Monday, April 14, 2014

Time with a Friend

It's Monday of the busiest week of the year. There are many books I planned to have read by now and others I downloaded just last night. I intended to have at least one of the three sermons to be preached this week written by now but still have blank screens staring me in the eye. And I cannot get any further - at least not at the moment. I have been stopped in my tracks by the morning devotional and invitation to spend time with my friend, Jesus.

My friend, Jesus.

"What a Friend We Have in Jesus" is the only hymn I can play on the piano without music. The words of the song are ingrained in my head as my grandmother and mother used to regularly sing the familiar tune. But if the truth were told, it's not often that I think of Jesus as my friend.

Today's devotional reading took me to the home of Lazarus, Mary and Martha. Lazarus is the one who was in the tomb for four days until Jesus came and called him out. Imagine being at that dinner party, sitting across the table and breaking bread with this man who has come back to life. One would think that his sisters, Mary and Martha, would be reluctant to leave his side. I can imagine them to be tempted to write down every word so they could make a million telling the story about how heaven is for real. But their attention is on someone else tonight - it's on their friend, Jesus. John tells us that Martha serves Jesus while Mary gets down and anoints the feet of Jesus with costly perfume and wipes them with her hair.

My devotional guide has invited me to imagine the smell of the perfume filling the house. I then read the words, "It was an extravagant, wasteful, and indulgent thing to do, but it spoke of a human reality: some opportunities need to be grasped as they arise, some moments need to be honored, friendship cannot always be calculating." The writer then adds, "Holy Week invites me to spend time with Jesus, not for any logical reason, but simply to accompany a lovely friend."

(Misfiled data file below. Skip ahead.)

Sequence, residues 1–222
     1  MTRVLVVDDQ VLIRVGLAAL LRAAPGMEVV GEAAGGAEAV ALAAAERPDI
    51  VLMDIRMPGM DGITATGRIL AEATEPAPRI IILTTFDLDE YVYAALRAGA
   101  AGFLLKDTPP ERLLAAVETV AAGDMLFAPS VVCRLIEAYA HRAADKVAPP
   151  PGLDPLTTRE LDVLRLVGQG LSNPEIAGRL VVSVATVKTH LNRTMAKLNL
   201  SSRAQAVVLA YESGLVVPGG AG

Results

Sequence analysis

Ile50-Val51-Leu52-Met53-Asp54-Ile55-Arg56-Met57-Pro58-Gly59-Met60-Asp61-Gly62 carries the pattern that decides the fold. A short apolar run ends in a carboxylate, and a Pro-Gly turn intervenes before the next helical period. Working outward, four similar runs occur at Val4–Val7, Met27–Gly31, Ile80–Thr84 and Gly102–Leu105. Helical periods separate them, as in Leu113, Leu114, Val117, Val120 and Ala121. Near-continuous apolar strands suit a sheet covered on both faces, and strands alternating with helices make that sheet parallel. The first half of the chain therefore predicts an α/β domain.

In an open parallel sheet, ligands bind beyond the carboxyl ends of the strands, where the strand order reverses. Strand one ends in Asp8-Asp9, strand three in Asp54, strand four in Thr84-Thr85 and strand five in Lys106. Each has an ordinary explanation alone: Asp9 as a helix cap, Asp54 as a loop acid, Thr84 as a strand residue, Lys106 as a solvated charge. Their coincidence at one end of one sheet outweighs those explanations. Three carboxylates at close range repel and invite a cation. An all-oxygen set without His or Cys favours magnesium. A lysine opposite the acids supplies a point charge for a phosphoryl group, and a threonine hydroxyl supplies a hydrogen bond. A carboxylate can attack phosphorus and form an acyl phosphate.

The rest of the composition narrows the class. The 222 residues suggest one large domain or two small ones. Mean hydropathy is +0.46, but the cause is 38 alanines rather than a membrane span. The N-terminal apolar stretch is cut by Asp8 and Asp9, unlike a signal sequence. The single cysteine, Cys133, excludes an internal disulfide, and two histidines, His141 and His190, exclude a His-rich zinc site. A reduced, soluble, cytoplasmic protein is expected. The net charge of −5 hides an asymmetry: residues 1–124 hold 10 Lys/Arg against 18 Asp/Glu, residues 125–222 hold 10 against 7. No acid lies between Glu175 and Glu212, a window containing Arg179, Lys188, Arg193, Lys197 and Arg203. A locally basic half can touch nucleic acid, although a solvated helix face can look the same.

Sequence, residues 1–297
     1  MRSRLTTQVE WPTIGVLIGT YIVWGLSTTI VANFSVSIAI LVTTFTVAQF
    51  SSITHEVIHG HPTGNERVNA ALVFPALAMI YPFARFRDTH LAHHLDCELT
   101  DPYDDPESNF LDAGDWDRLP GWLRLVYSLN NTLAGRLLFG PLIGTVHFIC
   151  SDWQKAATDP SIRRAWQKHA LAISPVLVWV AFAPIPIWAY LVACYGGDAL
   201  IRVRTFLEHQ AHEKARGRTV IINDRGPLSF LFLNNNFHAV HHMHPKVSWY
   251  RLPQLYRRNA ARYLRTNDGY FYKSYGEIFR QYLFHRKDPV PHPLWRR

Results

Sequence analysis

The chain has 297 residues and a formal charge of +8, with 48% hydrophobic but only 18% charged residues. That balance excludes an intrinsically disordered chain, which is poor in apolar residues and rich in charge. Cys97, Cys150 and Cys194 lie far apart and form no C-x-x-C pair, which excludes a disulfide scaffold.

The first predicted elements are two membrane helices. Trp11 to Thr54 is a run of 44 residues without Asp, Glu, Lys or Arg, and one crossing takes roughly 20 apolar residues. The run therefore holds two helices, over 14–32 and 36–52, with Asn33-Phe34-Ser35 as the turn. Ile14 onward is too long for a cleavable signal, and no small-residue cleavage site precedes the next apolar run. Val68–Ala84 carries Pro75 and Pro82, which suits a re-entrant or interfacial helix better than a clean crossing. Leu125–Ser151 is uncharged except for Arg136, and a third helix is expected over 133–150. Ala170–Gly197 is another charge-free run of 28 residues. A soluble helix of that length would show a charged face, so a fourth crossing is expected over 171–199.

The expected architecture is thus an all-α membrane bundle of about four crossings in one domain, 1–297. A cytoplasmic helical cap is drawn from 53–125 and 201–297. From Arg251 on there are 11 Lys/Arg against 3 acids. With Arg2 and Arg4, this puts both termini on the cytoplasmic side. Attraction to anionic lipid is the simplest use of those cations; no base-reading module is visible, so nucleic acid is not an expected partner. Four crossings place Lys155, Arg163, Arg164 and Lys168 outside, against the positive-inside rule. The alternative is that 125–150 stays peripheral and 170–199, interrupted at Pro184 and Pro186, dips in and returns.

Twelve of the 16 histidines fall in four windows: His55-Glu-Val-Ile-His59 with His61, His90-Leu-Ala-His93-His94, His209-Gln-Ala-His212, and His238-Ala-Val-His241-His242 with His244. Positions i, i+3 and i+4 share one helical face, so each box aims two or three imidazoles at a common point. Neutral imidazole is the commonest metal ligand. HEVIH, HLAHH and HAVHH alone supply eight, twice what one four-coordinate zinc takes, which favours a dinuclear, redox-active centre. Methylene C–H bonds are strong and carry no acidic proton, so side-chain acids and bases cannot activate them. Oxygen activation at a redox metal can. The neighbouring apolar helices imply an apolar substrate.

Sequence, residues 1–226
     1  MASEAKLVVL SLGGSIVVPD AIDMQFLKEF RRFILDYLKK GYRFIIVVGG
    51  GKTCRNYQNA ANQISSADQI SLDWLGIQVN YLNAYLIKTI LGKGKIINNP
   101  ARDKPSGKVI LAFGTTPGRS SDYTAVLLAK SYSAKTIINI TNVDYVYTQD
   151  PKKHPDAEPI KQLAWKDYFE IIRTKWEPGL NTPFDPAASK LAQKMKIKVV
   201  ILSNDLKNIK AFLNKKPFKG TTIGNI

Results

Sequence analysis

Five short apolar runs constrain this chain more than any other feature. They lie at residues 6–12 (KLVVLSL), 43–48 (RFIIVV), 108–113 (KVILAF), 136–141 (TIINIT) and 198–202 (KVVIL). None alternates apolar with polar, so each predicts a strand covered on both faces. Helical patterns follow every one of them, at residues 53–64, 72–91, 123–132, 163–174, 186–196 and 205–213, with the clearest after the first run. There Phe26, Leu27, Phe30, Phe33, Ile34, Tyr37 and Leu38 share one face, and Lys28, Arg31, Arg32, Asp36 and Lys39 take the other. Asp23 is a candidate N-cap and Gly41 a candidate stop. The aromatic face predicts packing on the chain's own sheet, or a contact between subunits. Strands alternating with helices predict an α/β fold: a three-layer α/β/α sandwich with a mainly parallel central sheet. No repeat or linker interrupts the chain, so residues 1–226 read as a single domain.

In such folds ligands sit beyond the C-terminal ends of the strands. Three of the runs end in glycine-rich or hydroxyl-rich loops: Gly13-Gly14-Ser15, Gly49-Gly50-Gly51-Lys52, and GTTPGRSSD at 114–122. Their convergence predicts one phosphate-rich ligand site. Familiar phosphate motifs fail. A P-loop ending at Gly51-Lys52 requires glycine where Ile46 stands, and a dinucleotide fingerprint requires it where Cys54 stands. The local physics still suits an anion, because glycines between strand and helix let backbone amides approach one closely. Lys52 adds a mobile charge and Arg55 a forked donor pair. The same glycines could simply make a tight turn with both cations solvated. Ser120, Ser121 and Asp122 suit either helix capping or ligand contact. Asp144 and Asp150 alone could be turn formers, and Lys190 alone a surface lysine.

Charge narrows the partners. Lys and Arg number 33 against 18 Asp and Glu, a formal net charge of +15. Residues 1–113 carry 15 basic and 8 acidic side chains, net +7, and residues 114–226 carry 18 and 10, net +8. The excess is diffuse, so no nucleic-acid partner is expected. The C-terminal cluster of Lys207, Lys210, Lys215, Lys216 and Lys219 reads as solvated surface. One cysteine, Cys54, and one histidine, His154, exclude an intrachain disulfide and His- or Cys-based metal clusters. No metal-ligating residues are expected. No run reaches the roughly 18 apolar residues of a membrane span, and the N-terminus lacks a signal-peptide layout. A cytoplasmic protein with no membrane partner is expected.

I'm pondering what it means to spend time with Jesus. Even more so, I'm pondering how often I put friends on the back burner. I used to talk to one of my closest friends every Sunday night. We caught up this past week after nearly two months of communicating only through Facebook updates. I have other friends going through changes and transitions that I don't reach out to nearly enough. I have four Godchildren and have not seen a couple of them in years - and one even lives in the same city. The busyness of life too often gets in the way, and I too often allow it to creep in on time with friends.

But I do the same thing when it comes to time with my friend, Jesus. I wanted to dig right into reading this morning, reading that would have started with the prayer, "Help me, Jesus. We've got sermons to write." But instead I'm here pondering what it means for me to spend time with my friend, Jesus. I tell my friends everything that's happening in my life - the good, the bad and the ugly. I laugh with my friends. I sometimes play with my friends. I eat with my friends. I reach out to my friends. I have to put everything aside in order to be with friends - something I always love even though I don't do it often enough.

I wonder how many times I've missed spending time with my friend, Jesus, because I've had too much to do. I wonder how many invitations Jesus has offered to just let go for a bit, step away from it all, and take wonder and delight in being in his presence instead of staying at the church another hour or doing more ministry. I wonder if the most faithful start of Holy Week is to clear the agenda for today and simply sit for a while - with my friend Jesus.

Thursday, March 13, 2014

Lessons from Mary

Sunday night took us to third row, center seats for the Oak Ridge Boys. I grew up singing the music of the Oak Ridge Boys. I can remember two-stepping at a place called Good Time Country to some of their music. Who doesn't remember singing Elvira? I love the Oak Ridge Boys, and seeing them in concert was a treat.

Midway through the concert, I noticed the lead singer making regular connection through eyes and smiles with someone in the audience. I did not turn around to see who it was, however, until the singer started to talk to her from the stage during a break in the music.

Mary was introduced to the crowd as one of their most loyal fans. We then learned that Mary is 88-years-old, and that her mother was also a devoted fan of the Oak Ridge Boys until she died at the age of 105. Mary had just returned from being on a cruise with the Oak Ridge Boys. She continued the conversation with the band, while the audience looked on in delight. She filled us with laughter as she sat in her chair with her cane tucked between her knees.

The band started to play again, and several more number one hits were belted out from the stage before another familiar tune started to be played.

Can't you feel it in your bones?
Oh, a change is comin' on
From every walk of life
People are seeing the light
A new thing is taking shape

Reach out, touch a hand
Lord, make a friend if you can
Anytime you come on in
Live the united way
Why don't you join us today?
Make a friend if you can

Reach out, touch a hand
Make a friend if you can